CHR backs graphic warnings on cigarette packs, 06/10/10

The Commission on Human Rights (CHR) has put to task tobacco companies for refusing to put graphic warnings on cigarette packs.

CHR Chair Loretta Rosales expressed on Monday her support for groups that have called for the implementation of the Department of Health’s Administrative Order 2010-0013, compelling tobacco manufacturers to put pictures of the debilitating effects of smoking on their packs.

Rosales, who admitted to be a former chain smoker who kicked the habit in 1994, said the companies’ refusal to follow the rules “was a rights violation.” “The companies who do not implement the AO should be charged,” she said in a press briefing on Monday.

She noted that the health department has put the law in place to protect the lives and health of the public.

CHR Commissioner Cecilia Quisumbing said the companies who have been fighting the law were guilty of “impunity.”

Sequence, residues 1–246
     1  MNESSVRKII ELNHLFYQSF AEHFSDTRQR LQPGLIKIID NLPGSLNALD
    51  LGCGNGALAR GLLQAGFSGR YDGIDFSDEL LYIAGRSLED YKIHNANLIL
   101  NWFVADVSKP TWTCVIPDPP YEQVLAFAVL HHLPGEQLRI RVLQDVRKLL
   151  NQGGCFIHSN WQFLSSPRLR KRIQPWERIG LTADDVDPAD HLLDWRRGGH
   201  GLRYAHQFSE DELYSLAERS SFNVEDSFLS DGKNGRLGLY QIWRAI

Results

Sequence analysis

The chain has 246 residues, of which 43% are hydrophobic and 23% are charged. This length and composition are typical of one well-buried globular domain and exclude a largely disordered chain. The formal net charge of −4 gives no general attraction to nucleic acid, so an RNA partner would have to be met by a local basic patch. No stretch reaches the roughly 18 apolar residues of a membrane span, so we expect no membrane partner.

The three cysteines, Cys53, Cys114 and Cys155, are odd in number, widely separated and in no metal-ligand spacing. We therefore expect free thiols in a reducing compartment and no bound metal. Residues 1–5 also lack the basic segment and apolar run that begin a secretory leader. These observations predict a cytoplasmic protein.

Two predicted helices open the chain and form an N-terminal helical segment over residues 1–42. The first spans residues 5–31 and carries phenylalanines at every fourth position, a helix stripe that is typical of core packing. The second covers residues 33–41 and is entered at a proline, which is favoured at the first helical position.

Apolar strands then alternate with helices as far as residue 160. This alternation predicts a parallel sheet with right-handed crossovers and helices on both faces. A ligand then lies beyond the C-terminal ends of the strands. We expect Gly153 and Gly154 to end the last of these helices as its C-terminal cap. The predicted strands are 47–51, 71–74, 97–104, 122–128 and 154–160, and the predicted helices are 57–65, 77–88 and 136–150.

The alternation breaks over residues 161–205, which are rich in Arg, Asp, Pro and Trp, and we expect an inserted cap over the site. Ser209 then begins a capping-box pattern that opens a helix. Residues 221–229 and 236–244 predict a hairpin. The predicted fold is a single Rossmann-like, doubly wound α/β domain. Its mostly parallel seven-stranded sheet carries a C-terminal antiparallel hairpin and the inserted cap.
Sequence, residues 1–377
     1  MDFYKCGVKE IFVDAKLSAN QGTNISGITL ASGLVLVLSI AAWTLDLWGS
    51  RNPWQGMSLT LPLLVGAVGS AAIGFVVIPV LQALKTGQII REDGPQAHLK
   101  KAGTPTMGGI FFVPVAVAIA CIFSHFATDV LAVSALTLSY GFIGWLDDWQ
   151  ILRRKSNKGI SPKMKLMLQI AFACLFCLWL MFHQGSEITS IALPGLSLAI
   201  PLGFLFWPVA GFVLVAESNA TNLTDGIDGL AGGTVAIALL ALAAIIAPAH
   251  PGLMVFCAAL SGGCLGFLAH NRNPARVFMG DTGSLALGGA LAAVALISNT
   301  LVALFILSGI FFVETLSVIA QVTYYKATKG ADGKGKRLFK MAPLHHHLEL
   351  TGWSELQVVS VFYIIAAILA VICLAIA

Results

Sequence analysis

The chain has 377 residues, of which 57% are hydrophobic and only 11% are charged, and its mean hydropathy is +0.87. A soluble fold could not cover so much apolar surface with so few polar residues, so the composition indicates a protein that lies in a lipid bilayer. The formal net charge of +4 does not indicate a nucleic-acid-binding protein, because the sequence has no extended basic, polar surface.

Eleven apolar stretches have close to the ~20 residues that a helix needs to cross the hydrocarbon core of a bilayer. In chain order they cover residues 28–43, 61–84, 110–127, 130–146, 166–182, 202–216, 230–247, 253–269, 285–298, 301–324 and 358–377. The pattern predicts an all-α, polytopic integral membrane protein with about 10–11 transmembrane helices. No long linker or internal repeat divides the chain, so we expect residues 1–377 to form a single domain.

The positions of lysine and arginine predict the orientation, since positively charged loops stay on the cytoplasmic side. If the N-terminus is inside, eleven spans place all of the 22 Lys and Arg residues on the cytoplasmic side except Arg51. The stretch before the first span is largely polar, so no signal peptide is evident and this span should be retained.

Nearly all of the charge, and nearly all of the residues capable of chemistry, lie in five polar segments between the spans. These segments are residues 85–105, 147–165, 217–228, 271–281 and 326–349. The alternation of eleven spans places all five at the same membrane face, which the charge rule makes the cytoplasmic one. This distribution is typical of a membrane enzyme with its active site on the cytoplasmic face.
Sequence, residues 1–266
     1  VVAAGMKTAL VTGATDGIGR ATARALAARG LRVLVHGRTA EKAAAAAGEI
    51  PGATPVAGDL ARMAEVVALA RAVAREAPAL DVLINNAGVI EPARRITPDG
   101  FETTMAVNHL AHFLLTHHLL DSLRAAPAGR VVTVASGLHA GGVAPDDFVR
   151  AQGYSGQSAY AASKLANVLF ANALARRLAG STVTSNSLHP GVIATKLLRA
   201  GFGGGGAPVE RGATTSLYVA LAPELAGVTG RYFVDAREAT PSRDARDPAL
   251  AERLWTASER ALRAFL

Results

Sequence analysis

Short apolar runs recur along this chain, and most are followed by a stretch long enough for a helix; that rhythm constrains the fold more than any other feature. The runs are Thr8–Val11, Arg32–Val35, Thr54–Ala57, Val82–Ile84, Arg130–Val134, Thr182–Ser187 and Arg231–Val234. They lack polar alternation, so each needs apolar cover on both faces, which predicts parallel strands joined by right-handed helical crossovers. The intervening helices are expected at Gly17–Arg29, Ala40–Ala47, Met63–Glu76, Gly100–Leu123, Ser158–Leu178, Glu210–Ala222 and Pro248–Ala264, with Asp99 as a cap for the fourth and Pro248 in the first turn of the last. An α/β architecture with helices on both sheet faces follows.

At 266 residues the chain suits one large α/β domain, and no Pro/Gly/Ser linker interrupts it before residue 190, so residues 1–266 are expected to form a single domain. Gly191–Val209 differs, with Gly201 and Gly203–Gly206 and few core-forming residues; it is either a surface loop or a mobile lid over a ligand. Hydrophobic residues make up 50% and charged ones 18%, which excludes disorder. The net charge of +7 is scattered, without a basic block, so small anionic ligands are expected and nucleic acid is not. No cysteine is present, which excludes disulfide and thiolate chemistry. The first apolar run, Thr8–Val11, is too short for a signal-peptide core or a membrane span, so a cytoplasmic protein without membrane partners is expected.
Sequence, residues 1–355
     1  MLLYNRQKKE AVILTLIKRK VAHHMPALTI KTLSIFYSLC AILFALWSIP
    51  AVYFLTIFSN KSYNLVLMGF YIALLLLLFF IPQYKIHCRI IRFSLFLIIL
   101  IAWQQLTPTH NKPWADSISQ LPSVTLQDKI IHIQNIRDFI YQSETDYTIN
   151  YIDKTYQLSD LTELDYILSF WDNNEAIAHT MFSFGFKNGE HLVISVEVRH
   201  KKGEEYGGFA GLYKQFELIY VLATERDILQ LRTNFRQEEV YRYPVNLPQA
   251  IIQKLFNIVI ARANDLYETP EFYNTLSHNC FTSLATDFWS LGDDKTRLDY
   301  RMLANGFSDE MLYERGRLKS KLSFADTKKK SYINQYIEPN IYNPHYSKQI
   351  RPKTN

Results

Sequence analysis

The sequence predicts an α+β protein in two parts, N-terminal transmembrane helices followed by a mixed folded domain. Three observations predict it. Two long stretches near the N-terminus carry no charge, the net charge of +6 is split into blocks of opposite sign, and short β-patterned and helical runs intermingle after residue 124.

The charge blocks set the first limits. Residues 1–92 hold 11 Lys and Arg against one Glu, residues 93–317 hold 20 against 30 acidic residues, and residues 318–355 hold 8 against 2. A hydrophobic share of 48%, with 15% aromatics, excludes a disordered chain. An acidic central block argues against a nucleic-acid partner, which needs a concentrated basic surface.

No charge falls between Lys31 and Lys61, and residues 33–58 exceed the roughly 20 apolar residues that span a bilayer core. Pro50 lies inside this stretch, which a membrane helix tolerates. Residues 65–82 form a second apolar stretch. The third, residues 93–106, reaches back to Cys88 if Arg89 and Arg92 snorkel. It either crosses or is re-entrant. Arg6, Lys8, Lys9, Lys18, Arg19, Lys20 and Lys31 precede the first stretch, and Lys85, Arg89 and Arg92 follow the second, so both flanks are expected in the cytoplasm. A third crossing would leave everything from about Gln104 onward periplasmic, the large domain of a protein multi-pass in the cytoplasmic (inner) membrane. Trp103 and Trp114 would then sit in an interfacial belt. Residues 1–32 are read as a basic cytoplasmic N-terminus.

The CHR chief issued the call for companies to follow the law after a support group of laryngeal cancer survivors appealed to her to pressure tobacco firms after two companies managed to secure an injunction against the order.

“Every day, 250 Filipinos die of smoking-related illness. But tobacco companies have not just refused to comply with the AO, they’ve also filed cases left and right against the Department of Health,” Emer Rojas, president of New Vois Association of the Philippines (NVAP) said.

“I have laryngeal cancer, a form of cancer that is 99% caused by smoking. The lying must stop so others will not have to go through the suffering and pain that we, victims of cigarettes – and our families – went through,” he added.

Recently, Fortune Tobacco, which is owned by tycoon Lucio Tan, and Mighty J, has asked the court to invalidate the AO. The court granted their requests, prompting the Department of Health to contest the injunction orders.

The NVAP noted that placing pictures of ailments caused by smoking would discourage people, especially minors, from taking up the habit. It noted that the AO was consistent with the health department’s mandate to protect the public’s health.

Leave a Comment